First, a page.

My time at theological college served many good purposes. The arrival of my children tops that list, of course - but something unexpected happened, and something very welcome indeed. It seems to be the thing to do to mash theological students through a million personality models: Myers-Briggs, Honey & Mumford, Hayes & Finch (spot the impostor) as well as flick our giblets over white-boards with perty pictures like Johari Windows, Praxis Models and some bizarre outpourings from one of the seven-hundred gazillion leadership gurus that now creep across the earth.
In the end, I was pleasantly surprised to note, I learned a little of who I am.
I am not one who benefits from sitting in lecture halls being talked at for an hour. I struggle with making sense of the world through books and handouts. I don't excel at examinations because my brain isn't wired that way and for most of my life until that point, I thought myself politely retarded or else a lazy slob who for some reason just didn't care enough to try harder. Other aspects of theological education fast became an issue in that way too as there are the poppets who can sit and listen to a diatribe on the European Reformation and then argue the toss over semantics. Me - I was lost within five minutes, often emerging from said lecture theatre down-hearted and feeling quite routinely stupid.
What I did learn, though, is that I am a confirmed pragmatist. I am an experiential learner who knows much about computers by smashing a few to pieces and re-assembling them. I learn by mutual exchange - so if I sit with you over a beer for a few hours and talk with you, I will learn the lesson you seek to teach me. I can ask my own questions, approach it in my own way, build mental-models to illustrate your hypothesis, get there in the end. If you knew me well enough, you would know that I have a neat analogy for just about anything - that is how I am wired. While it means I am average academically, it means that I am practical. It means that I see the world in a way that means I can tackle the unexpected in a calm and measured way. I never flap in emergencies, including the motorway pile-up I was one in the middle of. I got out of the car and started to work it out.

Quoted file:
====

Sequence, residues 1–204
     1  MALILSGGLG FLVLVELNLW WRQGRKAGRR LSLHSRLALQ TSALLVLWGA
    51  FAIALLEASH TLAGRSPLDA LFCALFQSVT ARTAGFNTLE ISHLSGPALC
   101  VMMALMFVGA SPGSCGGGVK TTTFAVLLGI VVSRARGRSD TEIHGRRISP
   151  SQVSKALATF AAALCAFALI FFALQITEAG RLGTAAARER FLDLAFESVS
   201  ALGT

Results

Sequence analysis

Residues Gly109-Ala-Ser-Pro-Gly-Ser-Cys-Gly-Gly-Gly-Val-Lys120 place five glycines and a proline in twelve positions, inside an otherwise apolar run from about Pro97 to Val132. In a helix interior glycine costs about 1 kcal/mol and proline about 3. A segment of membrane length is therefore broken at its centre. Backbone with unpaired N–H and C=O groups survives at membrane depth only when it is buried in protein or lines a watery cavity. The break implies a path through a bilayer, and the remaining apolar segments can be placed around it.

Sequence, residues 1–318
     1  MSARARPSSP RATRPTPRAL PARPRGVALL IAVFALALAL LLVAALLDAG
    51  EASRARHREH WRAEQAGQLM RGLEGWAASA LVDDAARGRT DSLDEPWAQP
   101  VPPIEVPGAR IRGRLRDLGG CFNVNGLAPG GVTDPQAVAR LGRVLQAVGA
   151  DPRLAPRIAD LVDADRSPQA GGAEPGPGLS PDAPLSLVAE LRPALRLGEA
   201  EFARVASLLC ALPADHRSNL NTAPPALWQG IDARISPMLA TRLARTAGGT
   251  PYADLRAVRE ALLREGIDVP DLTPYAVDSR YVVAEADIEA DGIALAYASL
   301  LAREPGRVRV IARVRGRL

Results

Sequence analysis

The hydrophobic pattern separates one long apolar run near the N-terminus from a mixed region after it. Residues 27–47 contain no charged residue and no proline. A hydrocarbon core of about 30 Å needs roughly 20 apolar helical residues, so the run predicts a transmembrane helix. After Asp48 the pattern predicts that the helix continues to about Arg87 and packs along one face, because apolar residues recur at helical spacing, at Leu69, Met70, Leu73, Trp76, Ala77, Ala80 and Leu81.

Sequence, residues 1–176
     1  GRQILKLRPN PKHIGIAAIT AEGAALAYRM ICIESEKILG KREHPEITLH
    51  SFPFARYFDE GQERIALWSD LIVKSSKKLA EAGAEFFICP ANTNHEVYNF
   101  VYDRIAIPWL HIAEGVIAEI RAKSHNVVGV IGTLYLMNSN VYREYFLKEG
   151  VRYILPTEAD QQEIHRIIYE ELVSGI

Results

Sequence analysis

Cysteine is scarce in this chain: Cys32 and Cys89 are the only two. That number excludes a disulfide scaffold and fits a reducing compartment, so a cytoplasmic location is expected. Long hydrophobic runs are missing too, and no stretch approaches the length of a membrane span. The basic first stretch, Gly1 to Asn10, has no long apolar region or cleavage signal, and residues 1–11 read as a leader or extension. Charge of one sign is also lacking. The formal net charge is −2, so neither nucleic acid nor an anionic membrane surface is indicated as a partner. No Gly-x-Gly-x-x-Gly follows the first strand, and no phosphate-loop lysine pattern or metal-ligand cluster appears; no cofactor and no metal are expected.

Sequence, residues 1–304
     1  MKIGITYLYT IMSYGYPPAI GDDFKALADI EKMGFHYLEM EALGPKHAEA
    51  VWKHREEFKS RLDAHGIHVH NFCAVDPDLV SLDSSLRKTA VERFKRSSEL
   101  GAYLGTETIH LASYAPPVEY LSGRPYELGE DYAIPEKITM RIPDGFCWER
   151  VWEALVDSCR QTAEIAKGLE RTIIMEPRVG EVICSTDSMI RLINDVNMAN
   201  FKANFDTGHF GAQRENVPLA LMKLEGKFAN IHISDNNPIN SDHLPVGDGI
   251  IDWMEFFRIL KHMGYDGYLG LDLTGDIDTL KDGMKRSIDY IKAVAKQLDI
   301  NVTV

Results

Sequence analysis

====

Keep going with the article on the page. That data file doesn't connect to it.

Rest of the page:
In 1987 or thereabouts, the then Tory Government invented a new method of examination - the GCSE. No longer was it a "sit and be excellent for three hours and your life will be sorted" type of qualification, but one that said you had permission to be who you were built to be, and if that meant you were a plodder, good with your hands but over days not minutes, that you stood a chance in life and in getting some half decent grades that assessed years not a small window in time like exams do. For example, I am quite neat with a pencil and used to love to draw. I'd draw good pictures over the course of a year, but under the rarefied confines of an examination would wholly lack the inspiration to draw at all, let alone well. Times that by all the subjects that I took and you see a healthy situation for those like me. The pictures drawn during the year meant something; they had value to the outcome for me. The degree I am currently completing is modelled in the same way. I am required to submit portfolios not sit exams - which means that instead of sitting in a cold hall for three hours pretending to remember theories on preaching and hermeneutics, I can instead demonstrate an ability in that field by submitting sermons actually preached in front of real people who gave constructive feedback. Is a preacher one who is gifted at exams or one who can preach to people? You decide.
It has been announced recently, by another Tory politician, that the GCSEs are about to go the way of the Dodo. No more modular assessment, just exams. That would be me screwed then - and many like me. Under these new plans, I would not have achieved the grades that would have got me to A Levels that got me to Further Education that helped get me to this desk as a priest this day. Great for those whose gift is exams. Great for those who, therefore, can look at facts and arguments, soak them up, and regurgitate them on demand like so many photocopiers. Does the world need more photocopiers in soft flesh?
Fairly recently, I saw a video of Sir Ken Robinson (see below) who doubled the epiphany of my theological college discovery about my learning styles. I visit schools from time to time and worry - really deeply worry - that the system is breeding competent photocopiers, and not students who can be who they were built to be. Their vibrancy and life seems to be placed in the back seat while grades and results take the front. I leave you with Mr Robinson.